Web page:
New York Opening: Angelo Galasso

Not many designers (er, actually probably no others) can say they’ve dressed Pacino, Jay-Z and Morrissey. But Italian fashion legend Angelo Galasso’s “Tradition in Evolution” philosophy has an appeal that apparently crosses not just a few cultural divides.

His tres elegan-tay new boutique, installed in the Plaza Hotel’s storied Edwardian Room, is his Stateside debut, and oh what an entrance he makes. Galasso’s modern-classical, masculine luxe looks are right at home amongst the space’s magnificent architectural details, including oak wainscoting, opulent chandeliers and a dramatically beamed ceiling. A seriously classy affair.

Celebrate NYC: Mia Fonssagrives Solow’s New York-Inspired Design Collection Opens March 28th

Sure, summer in the city might be so good it warrants a song (and a whole lot of tourists), but true New Yorkers know the city is in its prime during the spring; happy hours move outside, picnics replace nights in on Netflix, and the underground subways don’t yet feel like a urine-saturated, scalding underworld.

So when the city is at its best, why not celebrate it! On March 28th, artist and designer Mia Fonssagrives Solow launches her New York-inspired collection at The Museum of the City of New York. A testament to the beauty, brilliance, and eccentricity of NYC, the collection showcases a sundry array of home goods, fashion pieces, and jewelry. Trace the skyline and towering skyscrapers gleaming in the scarves, vases, and cuff links; follow the city’s grid fashioned on a fashionable dress. When you’re done, try to piece together NYC with a wooden puzzle.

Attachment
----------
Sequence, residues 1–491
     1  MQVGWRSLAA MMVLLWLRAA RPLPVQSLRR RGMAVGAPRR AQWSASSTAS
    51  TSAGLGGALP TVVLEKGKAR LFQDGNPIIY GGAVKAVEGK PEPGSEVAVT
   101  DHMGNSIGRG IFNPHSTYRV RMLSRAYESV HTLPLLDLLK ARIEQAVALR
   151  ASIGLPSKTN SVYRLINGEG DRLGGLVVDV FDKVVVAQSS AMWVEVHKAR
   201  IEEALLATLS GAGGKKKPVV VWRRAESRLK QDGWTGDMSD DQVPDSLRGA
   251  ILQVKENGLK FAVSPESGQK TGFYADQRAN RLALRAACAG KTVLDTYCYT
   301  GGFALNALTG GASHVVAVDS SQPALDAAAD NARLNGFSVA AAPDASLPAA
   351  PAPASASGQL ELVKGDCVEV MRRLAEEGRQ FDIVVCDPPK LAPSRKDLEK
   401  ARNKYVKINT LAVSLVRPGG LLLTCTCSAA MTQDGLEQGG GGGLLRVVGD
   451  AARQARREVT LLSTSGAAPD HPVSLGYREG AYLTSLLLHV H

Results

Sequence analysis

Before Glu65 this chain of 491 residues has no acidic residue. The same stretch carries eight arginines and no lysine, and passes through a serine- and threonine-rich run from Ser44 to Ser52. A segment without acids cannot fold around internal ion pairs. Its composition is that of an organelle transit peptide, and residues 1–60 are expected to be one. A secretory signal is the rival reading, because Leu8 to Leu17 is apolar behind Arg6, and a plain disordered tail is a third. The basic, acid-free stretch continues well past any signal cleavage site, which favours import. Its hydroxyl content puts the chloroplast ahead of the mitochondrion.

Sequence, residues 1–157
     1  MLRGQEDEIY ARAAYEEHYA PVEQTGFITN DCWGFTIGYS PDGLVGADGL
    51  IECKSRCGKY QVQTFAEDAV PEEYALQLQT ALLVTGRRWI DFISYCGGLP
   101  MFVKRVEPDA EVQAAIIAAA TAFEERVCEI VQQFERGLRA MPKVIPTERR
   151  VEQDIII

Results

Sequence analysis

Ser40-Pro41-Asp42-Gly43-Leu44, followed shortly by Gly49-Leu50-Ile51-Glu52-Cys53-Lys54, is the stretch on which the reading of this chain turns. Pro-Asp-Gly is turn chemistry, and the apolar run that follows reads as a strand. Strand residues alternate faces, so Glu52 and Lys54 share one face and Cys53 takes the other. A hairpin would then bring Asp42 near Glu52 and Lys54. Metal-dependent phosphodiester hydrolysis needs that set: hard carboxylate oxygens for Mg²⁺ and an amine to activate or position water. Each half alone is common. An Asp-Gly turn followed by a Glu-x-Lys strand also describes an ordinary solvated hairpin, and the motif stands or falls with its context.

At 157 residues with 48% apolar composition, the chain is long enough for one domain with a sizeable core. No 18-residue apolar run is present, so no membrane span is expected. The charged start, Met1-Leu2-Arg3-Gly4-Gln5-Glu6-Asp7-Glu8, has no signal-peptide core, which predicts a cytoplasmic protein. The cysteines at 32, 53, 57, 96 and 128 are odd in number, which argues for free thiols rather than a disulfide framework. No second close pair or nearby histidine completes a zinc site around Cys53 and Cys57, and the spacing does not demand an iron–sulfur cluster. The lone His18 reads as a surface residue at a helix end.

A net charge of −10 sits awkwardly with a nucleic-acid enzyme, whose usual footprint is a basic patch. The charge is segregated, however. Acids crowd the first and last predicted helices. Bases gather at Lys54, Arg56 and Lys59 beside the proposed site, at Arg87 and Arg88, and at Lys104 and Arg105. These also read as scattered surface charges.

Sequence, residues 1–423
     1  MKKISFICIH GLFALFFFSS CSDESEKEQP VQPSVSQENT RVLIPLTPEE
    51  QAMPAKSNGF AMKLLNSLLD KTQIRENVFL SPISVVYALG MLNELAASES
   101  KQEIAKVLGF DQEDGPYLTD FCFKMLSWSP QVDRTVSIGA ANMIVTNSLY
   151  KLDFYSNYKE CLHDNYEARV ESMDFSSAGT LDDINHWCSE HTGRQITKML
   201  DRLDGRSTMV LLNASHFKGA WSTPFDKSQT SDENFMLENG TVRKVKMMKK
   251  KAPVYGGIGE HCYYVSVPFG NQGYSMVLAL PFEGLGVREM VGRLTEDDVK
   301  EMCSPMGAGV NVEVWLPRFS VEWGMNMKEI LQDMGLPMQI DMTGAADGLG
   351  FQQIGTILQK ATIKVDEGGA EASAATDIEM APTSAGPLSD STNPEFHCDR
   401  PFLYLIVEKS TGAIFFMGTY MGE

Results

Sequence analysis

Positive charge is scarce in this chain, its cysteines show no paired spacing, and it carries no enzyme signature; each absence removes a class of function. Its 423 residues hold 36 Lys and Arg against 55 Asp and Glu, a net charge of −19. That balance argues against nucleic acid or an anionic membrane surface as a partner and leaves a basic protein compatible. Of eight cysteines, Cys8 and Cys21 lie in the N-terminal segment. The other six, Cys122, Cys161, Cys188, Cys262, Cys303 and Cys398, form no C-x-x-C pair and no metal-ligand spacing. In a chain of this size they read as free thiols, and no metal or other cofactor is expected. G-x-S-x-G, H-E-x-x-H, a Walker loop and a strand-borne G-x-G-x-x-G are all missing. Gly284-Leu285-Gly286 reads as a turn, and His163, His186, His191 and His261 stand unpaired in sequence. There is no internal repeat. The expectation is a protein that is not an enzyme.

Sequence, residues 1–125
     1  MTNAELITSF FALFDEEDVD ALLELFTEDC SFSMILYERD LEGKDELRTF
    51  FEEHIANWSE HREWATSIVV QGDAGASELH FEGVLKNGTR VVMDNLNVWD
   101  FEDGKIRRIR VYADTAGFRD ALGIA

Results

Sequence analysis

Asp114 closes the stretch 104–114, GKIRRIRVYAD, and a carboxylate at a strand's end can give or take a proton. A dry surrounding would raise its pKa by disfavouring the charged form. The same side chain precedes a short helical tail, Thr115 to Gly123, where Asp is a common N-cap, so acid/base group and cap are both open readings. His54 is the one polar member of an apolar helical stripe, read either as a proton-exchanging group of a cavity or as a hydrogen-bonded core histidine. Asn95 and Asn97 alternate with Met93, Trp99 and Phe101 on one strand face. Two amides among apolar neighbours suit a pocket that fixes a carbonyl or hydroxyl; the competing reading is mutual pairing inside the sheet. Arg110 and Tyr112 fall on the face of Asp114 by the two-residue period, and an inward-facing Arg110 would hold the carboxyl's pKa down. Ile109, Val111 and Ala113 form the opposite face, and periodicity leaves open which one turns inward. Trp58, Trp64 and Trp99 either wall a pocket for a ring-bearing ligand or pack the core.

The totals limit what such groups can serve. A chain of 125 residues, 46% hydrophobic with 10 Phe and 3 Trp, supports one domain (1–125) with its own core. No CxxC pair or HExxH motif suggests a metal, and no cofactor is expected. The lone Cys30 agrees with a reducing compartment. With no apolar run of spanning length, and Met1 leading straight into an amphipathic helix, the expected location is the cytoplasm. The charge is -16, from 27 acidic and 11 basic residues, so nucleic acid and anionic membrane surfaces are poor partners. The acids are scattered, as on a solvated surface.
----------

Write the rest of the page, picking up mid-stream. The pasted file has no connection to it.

Gleaming with the skyline, crystalline city lights, and even its signature sports colors, Fonssagrives honors the city and the people who have helped shape it. In a way, its almost like celebrating yourself – so, why not?
 
Mia Fonssagrives Dress

The Eames

Lovers, collaborators, creators of the modern world.

Charles and Ray Eames were not only one of this century’s most creative power couples, they were the most creatively promiscuous. Together, they leapt from one project to another, transcending the rules of architecture, design, filmmaking and branding.